Censorship in America: Call Your Senators Today and Tell Them To Vote Against Censoring The Internet

As mentioned last week, there’s a big push going on by the MPAA and the US Chamber of Commerce (the largest lobbying organization in the world) to get PROTECT IP voted on and approved in the next few days or weeks. Some in the Senate leadership have decided that with everything else going wrong in the economy these days, they can repackage this as a “jobs” bill, and pretend that they’re “helping the economy.” Of course, nothing is further from the truth. PROTECT IP (PIPA) is a sure jobs killer in that it will significantly hinder innovation on the internet, including those responsible for millions of new jobs over the past decade. On top of that, it will set up the very first massive internet censorship program within the US. It’s hard to see how that’s helpful for jobs at all.

The backers of this bill are hoping that since SOPA is even worse than PIPA, there will be less protest and some may see it as a “compromise.” That’s ridiculous. It’s a very dangerous bill that will have long-lasting consequences. If you’re an American citizen and believe in the importance of innovation online, today is the day to call your Senators. The folks at Fight for the Future have set up a very easy system to do that. You just put in your info, and it will first give you a quick summary of key points, and then connect you to your Senators. If the Senate realizes that the public really is against this bill, then hopefully they’ll finally dump it.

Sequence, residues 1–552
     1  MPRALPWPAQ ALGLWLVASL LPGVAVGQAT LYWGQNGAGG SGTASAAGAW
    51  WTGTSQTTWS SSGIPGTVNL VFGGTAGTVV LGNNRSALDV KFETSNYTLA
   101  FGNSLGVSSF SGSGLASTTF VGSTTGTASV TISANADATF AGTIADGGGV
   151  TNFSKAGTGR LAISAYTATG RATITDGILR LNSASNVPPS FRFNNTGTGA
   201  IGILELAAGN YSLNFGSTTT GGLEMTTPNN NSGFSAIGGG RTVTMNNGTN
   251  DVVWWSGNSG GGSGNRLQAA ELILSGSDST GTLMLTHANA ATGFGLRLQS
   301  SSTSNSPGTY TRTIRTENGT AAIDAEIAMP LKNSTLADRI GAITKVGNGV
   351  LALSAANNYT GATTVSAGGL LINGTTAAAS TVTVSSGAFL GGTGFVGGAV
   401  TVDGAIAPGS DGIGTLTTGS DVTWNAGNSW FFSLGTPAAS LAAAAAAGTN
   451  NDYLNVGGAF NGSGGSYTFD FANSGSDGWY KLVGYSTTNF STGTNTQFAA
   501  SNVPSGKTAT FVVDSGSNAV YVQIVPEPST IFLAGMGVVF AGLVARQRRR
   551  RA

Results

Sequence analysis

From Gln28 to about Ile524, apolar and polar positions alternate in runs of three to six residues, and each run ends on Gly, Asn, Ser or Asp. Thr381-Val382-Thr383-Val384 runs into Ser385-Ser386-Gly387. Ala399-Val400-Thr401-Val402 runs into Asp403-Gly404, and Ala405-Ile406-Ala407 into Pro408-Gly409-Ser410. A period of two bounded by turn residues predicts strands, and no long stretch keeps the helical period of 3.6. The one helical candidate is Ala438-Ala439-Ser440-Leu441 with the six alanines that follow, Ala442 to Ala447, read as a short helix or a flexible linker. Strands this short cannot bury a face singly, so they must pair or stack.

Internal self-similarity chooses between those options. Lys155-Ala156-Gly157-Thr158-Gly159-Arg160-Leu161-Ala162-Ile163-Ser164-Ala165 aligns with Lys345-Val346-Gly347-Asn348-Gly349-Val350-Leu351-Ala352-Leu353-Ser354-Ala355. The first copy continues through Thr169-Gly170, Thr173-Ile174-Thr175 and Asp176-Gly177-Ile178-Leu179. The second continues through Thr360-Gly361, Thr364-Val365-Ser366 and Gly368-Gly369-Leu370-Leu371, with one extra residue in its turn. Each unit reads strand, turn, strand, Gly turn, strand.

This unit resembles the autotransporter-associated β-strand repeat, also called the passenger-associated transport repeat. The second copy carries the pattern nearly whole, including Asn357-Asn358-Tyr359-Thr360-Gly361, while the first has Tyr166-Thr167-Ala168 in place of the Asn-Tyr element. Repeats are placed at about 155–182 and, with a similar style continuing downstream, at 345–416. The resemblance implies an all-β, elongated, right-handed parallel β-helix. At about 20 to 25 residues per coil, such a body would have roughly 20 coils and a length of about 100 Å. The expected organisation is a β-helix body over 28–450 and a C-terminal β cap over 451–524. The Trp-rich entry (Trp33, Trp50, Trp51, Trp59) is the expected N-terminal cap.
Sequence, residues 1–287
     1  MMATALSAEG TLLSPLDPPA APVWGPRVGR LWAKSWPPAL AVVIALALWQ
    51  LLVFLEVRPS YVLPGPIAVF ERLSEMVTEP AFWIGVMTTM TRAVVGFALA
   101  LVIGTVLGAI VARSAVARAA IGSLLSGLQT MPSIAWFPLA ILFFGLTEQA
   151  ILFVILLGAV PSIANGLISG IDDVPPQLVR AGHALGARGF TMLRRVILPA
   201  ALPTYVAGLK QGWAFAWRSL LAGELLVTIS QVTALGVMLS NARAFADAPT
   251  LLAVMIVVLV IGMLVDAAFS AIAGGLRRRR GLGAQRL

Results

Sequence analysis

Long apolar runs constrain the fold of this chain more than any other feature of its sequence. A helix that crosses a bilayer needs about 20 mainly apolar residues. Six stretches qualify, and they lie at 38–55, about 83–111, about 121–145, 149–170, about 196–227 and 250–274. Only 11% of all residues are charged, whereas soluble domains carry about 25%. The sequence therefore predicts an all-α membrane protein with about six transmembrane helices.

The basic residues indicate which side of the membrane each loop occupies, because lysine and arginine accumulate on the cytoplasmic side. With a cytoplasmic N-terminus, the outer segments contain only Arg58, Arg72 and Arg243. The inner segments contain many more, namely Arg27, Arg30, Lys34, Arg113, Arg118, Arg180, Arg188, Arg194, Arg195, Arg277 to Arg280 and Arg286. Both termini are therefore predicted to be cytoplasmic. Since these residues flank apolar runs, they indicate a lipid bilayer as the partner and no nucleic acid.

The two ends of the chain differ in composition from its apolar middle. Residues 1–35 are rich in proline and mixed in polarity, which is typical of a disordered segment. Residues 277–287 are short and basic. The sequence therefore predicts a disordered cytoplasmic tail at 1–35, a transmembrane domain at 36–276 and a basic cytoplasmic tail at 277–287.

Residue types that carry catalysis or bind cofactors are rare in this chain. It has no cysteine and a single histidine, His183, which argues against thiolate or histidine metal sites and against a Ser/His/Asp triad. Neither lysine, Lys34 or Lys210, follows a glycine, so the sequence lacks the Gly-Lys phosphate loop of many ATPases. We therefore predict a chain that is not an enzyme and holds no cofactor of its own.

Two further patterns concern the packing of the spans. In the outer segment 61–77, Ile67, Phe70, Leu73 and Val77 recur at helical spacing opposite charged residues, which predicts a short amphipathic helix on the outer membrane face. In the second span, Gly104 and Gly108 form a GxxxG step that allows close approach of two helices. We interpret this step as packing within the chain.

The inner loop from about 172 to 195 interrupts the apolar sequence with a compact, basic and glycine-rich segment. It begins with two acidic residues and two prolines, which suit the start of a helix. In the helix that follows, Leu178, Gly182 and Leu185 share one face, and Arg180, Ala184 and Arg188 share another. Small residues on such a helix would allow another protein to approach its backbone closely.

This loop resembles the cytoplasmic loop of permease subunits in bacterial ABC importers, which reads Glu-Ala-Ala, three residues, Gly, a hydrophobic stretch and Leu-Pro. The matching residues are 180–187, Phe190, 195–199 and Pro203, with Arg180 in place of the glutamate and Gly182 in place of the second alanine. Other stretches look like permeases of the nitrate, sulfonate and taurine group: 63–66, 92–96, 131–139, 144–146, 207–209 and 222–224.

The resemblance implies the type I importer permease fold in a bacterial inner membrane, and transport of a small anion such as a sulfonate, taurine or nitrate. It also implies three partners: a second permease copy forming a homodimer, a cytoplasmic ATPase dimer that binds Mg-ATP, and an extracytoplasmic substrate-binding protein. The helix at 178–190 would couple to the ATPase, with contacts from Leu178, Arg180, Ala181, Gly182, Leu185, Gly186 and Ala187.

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Activist, Unplugged from the Matrix. Action for Freedom!

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Posted in Free Speech, Government Control, Human Rights, Internet Censorship
3 comments on “Censorship in America: Call Your Senators Today and Tell Them To Vote Against Censoring The Internet
  1. […] inner_text_max_length: 64, max_intensity: 0.9, min_intensity: 0.3 }; Censorship in America […]

  2. Kathy says:

    Yahoo has blacklisted me from news comment. CBS Minnesota filters my comments with a paralyzed shadowed screen since last spring. The New York Times does not make available a comment option for me over six months, approximately. Beyond these, I haven’t attempted frequent input.

    The problem:

    I don’t violate the terms of usage with foul language, deliberate mis-statements, harmful intent to contributing commentors, no obscenity, or failure of the additional terms.

    My intent: To dispell misleading article information where I believe the informatiom is misguiding or negates relevant facts. Additionally, my subjective opinion is shared.

    • Sean says:

      May I suggest that when you find misleading article information in the above mentioned publications that you gather all related information regarding the content in question. Then, visit our website and click on the “contact” link at the top of the page. Submit the information through the form you will find there, and then we can create a post about it. We would, of course, give you all the credit.

      And you are welcome to comment here as much as you wish 🙂

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